Chinese Workers Latest Fatalities in Taliban Crusade to Derail Elections in Afghanistan
Yesterday, gunmen killed an Afghan guard and 11 Chinese road workers as they slept in the Kunduz province in northern Afghanistan. The Associated Press reports that yesterday's brutal attack was the deadliest on foreign civilians since the Taliban lost power. Four other Chinese workers who were injured in the attack are listed in stable condition. The workers were contracted to rebuild the highway from Doshi to the Tajikistan border. The UN immediately warned staff to stay off roads and halted voter registration in Kunduz until at least Saturday. Shortly after the attack on the Chinese workers, a bomb hit a vehicle carrying UN counternarcotics officials in the neighboring province of Takhar, but there were no reported injuries.
These murders were the latest in a string of deadly attacks on relief workers, government employees and private contractors in a Taliban-led crusade to derail democratic elections and oust the US-backed government of President Hamid Karzai, AP reports. Already the elections that were to take place in June have been postponed until September due to the lack of security. Only 2.8 million of the 10.5 million estimated eligible Afghan voters are currently registered, of which approximately one-third are women. Despite the dire security situation, peacekeeping forces in Afghanistan remain a small contingent of some 6,500 soldiers.
AP reports that Badghis and Kunduz, the provinces where the Medecins Sans Frontieres and Chinese workers killings occurred, were considered "relatively peaceful" until now. Relief agencies are concerned that militants are expanding their excursions from the south and east where there has been a campaign of deadly attacks and bombings by the Taliban and other militants since last year.
8/28/2015 Alaska Court Protects Abortion Access for Low-Income Women - The Alaska Superior Court struck down a state law yesterday that would have severely limited abortion access for low-income women in Alaska.
The state's Superior Court also struck down a Department of Health and Social Services regulation that placed narrow specifications on Medicaid coverage for abortions, requiring that Medicaid-funded abortions be determined by a physician to be "medically necessary." Last year, the Center for Reproductive Rights, the American Civil Liberties Union, and Planned Parenthood sued on behalf of the Planned Parenthood of the Great Northwest, claiming that the narrow definition of "medically necessary" arbitrarily established conditions designed to restrict the ability of low-income women to access abortion services.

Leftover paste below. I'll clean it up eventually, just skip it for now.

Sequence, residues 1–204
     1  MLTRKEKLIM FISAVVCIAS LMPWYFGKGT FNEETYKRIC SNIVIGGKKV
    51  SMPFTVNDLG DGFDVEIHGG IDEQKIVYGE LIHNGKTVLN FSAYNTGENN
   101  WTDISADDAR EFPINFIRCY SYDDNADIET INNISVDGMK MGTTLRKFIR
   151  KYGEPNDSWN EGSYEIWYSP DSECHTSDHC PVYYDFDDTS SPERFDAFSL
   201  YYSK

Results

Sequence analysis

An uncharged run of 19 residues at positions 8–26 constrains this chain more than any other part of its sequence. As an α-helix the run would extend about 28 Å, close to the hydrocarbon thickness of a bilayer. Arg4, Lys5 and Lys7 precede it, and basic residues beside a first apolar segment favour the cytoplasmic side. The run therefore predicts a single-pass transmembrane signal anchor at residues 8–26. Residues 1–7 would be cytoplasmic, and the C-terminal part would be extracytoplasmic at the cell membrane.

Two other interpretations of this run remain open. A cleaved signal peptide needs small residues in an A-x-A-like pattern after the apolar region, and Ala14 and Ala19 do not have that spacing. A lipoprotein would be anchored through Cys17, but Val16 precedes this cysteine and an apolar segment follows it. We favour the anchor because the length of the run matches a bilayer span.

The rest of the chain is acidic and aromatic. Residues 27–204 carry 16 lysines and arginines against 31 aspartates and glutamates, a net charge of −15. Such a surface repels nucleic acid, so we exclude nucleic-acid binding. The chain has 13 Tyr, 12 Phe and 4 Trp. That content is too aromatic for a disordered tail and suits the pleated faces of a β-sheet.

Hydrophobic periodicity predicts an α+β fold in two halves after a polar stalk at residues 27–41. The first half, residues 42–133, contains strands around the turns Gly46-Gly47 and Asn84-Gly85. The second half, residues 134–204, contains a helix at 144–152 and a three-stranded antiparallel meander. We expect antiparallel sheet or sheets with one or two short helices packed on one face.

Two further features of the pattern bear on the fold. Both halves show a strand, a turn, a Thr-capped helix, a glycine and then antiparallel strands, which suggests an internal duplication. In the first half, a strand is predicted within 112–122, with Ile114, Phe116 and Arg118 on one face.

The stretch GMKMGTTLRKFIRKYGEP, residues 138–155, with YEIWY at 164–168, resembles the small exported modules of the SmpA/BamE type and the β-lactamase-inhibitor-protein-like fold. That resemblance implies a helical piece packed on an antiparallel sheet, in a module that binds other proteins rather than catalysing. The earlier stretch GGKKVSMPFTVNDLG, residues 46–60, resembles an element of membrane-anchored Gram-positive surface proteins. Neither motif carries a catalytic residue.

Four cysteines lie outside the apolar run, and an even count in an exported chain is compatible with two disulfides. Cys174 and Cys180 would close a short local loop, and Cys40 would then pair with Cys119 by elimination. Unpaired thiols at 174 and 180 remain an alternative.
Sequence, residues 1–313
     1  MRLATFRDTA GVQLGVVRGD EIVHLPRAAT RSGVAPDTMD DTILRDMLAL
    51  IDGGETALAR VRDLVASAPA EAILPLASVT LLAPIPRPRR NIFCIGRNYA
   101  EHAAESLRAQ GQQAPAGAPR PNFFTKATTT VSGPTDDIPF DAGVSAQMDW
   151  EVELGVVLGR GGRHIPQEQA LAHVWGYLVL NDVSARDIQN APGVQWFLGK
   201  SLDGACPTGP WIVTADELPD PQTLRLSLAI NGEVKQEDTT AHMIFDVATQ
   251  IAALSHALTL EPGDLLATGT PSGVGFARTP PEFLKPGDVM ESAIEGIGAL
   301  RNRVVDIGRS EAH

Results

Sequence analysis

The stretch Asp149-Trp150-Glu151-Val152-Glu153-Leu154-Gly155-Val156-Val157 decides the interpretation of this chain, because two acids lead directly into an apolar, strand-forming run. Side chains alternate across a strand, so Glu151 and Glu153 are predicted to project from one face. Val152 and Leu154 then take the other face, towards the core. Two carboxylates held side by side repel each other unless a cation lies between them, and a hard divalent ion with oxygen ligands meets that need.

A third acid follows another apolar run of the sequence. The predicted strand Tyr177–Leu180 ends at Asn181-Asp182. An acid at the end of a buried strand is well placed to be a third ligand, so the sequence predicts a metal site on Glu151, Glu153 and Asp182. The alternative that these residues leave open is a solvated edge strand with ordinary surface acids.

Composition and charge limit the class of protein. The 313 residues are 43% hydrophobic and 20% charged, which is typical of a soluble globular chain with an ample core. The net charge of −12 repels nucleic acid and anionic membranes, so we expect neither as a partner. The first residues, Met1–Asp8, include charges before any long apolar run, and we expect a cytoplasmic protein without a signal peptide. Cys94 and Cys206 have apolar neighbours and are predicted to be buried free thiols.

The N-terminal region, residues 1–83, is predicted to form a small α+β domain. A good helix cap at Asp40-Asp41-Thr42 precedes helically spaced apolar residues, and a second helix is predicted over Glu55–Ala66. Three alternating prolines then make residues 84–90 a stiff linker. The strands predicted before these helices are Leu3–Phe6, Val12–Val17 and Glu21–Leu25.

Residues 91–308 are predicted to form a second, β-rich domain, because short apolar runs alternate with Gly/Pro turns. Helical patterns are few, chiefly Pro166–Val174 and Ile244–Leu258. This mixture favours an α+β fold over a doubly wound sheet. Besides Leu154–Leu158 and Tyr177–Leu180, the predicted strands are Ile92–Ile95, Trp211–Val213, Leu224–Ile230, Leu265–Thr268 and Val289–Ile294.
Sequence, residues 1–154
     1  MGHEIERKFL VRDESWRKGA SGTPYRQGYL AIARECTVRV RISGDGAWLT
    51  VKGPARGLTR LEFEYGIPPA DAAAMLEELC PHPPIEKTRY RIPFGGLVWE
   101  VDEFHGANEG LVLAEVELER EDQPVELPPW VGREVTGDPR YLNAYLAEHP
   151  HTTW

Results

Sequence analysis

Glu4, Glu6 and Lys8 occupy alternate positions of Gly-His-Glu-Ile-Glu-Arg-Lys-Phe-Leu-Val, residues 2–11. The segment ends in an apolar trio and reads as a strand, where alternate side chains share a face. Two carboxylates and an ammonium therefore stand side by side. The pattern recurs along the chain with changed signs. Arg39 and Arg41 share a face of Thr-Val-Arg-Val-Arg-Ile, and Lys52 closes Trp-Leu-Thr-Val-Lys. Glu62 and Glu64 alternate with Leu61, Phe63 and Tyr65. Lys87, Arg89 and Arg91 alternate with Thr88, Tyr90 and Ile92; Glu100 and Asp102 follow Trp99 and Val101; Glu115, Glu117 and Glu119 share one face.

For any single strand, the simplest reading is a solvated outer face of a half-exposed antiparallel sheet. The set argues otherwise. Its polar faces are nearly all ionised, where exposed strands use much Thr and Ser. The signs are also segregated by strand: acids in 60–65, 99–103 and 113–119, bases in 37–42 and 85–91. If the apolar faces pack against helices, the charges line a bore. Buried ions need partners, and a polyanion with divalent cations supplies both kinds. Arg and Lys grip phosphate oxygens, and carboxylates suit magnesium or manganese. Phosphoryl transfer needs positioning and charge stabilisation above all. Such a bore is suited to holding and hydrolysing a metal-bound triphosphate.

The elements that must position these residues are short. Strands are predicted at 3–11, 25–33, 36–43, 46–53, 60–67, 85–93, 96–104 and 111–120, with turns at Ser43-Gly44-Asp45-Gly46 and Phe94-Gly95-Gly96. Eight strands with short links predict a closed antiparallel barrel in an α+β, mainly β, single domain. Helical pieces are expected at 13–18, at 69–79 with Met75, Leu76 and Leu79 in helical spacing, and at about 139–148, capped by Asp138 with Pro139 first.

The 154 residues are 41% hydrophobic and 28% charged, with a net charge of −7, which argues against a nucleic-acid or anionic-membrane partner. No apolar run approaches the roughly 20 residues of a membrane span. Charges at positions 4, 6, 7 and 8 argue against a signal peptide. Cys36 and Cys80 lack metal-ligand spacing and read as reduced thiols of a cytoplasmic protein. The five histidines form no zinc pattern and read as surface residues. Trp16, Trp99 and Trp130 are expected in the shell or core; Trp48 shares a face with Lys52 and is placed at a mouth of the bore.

The law was temporarily blocked last July by an Alaskan state court judge.
Superior Court Judge John Suddock ordered yesterday that the state be blocked from implementing this regulation, ruling that it placed an undue burden on low-income women seeking abortion services in Alaska.
"By providing health care to all poor Alaskans except women who need abortions, the challenged regulation violates the state constitutional guarantee of 'equal rights, opportunities, and protection under the law'," the ruling read.
"We applaud the superior court for striing down these cruel restrictions on women's health and rights that violate the Alaska Constitution," said Chris Charbonneau, CEO of Planned Parenthood of the Great Northwest and the Hawaiian Islands. . . .
8/26/2015 Saudi Women Prepare to Vote for the First Time - The fight for gender equality is making slow but notable progress in Saudi Arabia, where women will be allowed to vote for the first time in upcoming December elections.
This shift in Saudi law came in 2011, when a royal decree announced that women would be allowed to vote and run in local elections beginning in December of 2015. . . .